Earlier this year, the American Wind Energy Association (AWEA) released a report that answered 15 of the most common questions about wind power, reliability, and the grid. Entitled, “Wind energy helps build a more reliable and balanced electricity portfolio,” the report is based on grid operators’ real-world experience integrating wind power and dozens of studies conducted by grid operators examining how higher levels of wind use can be achieved.
According to the AWEA report, “Some of the most common questions about wind energy focus on how wind can be reliably integrated into the power system. A key source of confusion is that, contrary to most people’s intuitive experience that winds are variable and electricity demand and supply is stable, the opposite is actually true at the grid-operator scale.”
The report’s answers try to resolve potential confusion and provide responses to commonly asked wind-related questions. The first three Q&A’s from the report are as follows. The full AWEA report can be accessed here.
1. How much wind energy is on the power system now?
U.S. wind energy provides enough electricity to power the equivalent of over 18 million homes. Iowa and South Dakota reliably produced more than 25% of their electricity from wind last year, with a total of nine states above 12% and 17 states at more than 5%. At times, wind has supplied more than 60% of the electricity on the main utility system in Colorado, and nearly 40% of the main Texas power system.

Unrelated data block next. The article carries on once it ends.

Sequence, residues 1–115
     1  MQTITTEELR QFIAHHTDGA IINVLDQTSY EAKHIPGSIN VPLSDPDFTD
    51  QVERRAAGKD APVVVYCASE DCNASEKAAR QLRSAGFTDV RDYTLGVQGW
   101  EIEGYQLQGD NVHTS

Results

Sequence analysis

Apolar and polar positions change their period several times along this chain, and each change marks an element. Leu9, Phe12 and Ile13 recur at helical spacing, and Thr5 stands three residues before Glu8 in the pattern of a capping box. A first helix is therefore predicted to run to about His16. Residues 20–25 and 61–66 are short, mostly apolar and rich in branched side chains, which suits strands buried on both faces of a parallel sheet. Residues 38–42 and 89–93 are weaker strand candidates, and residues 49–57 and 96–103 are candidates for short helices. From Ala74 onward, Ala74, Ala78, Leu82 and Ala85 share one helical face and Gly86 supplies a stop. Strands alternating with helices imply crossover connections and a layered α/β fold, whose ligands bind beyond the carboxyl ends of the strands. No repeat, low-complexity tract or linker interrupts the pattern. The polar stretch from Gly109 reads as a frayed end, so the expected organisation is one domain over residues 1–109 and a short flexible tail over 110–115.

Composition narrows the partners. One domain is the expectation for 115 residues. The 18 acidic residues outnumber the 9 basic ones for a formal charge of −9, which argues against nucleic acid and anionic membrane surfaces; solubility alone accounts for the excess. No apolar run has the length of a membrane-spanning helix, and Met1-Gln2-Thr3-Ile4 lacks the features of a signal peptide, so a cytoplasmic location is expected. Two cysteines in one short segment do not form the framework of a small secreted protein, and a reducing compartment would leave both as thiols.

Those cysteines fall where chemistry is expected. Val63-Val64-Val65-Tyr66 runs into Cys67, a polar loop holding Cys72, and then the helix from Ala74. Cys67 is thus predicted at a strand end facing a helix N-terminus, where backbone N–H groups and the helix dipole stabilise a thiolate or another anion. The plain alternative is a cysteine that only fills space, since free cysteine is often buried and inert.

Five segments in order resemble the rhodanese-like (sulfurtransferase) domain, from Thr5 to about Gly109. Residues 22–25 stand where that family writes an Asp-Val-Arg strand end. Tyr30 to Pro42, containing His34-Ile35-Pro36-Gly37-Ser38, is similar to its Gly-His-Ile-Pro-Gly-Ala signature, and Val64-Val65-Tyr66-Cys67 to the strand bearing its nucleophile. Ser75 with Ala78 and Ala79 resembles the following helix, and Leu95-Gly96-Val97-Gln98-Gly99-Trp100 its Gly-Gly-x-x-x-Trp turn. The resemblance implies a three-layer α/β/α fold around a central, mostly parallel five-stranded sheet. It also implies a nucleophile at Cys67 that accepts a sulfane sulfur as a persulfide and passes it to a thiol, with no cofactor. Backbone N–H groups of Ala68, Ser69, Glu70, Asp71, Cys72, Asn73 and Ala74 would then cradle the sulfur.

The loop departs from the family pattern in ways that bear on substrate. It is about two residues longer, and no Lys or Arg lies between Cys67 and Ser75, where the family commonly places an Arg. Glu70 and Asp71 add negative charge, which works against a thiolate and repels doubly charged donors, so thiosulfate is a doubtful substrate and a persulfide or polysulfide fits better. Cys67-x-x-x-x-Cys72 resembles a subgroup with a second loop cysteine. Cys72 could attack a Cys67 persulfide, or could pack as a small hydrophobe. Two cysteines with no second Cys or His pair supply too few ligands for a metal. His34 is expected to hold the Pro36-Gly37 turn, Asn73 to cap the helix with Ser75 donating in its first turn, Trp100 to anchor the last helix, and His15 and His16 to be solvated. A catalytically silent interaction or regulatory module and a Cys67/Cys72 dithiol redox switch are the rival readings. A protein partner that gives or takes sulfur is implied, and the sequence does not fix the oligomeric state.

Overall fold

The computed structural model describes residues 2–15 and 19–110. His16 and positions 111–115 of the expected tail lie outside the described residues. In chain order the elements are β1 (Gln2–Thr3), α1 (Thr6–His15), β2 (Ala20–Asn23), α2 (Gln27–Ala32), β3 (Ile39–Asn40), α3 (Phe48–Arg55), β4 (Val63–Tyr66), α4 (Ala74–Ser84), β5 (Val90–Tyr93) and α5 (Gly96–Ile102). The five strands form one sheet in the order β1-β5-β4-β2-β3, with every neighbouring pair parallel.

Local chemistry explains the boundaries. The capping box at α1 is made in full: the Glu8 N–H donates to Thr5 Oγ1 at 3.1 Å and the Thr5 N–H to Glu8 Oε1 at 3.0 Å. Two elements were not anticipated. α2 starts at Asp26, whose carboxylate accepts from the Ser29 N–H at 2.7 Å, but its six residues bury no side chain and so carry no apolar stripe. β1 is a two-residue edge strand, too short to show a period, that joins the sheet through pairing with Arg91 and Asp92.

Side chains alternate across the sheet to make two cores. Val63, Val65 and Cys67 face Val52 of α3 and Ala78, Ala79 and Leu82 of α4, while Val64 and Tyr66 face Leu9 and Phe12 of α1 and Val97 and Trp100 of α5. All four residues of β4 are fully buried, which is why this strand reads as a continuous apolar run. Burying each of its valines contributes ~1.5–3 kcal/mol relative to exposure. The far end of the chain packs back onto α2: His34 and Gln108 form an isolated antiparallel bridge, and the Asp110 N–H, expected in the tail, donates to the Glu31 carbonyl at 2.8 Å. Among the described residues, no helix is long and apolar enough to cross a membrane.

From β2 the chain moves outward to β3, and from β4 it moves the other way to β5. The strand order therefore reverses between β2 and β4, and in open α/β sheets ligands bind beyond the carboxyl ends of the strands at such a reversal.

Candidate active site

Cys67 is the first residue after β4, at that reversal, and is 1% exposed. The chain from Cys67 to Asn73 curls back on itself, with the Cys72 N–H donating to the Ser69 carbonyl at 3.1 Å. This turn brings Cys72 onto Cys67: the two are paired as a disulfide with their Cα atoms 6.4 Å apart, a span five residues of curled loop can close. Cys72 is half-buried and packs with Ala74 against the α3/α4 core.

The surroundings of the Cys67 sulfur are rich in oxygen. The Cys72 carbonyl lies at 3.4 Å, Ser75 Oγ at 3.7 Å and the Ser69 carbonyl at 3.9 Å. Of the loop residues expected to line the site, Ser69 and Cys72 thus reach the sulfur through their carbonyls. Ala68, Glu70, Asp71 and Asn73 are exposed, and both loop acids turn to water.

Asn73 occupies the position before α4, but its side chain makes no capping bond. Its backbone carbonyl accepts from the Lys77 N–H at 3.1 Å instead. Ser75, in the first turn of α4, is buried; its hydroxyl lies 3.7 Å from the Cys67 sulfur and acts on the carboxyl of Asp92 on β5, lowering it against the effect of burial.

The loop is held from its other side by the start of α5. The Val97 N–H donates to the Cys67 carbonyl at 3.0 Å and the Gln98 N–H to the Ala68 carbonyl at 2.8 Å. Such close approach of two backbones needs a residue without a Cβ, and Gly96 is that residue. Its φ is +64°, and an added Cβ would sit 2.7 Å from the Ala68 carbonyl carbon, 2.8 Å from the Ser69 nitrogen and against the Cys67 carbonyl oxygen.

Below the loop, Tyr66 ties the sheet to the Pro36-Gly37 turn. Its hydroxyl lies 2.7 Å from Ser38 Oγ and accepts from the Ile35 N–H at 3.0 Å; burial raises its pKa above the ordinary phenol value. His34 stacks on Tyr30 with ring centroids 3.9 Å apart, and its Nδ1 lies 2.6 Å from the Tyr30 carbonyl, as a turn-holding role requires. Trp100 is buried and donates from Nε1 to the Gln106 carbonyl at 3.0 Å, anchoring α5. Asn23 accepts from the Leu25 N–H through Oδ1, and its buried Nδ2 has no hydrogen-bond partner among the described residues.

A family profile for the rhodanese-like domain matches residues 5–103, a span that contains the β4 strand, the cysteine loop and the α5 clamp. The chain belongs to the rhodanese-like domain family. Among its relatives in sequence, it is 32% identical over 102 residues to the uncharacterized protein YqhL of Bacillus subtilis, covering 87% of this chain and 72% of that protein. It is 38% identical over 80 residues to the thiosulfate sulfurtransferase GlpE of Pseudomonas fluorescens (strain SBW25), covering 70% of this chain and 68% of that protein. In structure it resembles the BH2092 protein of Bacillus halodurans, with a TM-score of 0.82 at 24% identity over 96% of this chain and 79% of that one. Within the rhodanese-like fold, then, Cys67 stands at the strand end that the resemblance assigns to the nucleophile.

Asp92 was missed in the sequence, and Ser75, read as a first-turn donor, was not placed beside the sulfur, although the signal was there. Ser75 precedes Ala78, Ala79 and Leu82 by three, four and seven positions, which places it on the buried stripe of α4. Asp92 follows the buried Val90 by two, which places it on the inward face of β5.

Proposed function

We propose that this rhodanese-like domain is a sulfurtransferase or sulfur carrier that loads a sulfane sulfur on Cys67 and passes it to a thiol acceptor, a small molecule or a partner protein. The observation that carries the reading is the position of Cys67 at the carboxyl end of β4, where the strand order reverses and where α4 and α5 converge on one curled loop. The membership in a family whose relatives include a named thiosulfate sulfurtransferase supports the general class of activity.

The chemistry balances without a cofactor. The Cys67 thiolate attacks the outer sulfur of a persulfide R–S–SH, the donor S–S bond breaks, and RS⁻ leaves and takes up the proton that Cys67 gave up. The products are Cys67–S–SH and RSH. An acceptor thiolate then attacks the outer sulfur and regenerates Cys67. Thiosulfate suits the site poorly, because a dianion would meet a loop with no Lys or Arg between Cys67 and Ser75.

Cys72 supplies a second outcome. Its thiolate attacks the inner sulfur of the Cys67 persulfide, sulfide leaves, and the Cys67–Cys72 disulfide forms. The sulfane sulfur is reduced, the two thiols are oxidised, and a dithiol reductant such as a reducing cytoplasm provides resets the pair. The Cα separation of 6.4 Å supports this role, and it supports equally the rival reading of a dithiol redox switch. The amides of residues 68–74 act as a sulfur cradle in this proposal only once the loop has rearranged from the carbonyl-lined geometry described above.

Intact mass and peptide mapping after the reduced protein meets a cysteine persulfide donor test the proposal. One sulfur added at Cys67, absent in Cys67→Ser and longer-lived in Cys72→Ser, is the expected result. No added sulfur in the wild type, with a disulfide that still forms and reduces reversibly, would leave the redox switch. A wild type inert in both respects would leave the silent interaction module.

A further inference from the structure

2. How do grid operators accommodate such large amounts of wind energy?
Variability and uncertainty are nothing new for grid operators, as they have always dealt with large and unexpected fluctuations in electricity supply and demand by changing the output of power plants. Most changes in wind output are canceled out by other offsetting changes in electricity supply and demand, and any remaining variability is accommodated using the same flexible reserves that grid operators have always used. In fact, because changes in wind output occur gradually and can be forecast, they are less costly for grid operators to accommodate than the abrupt failures of large conventional power plants.
3. How much does it cost to integrate wind?
Grid-operator data show that the cost of the incremental flexible reserves needed to accommodate wind amount to pennies on a typical electric bill. In fact, the cost of accommodating the unexpected failures of large conventional power plants is far higher.
Read AWEA’s full report,”Wind energy helps build a more reliable and balanced electricity portfolio,” here.
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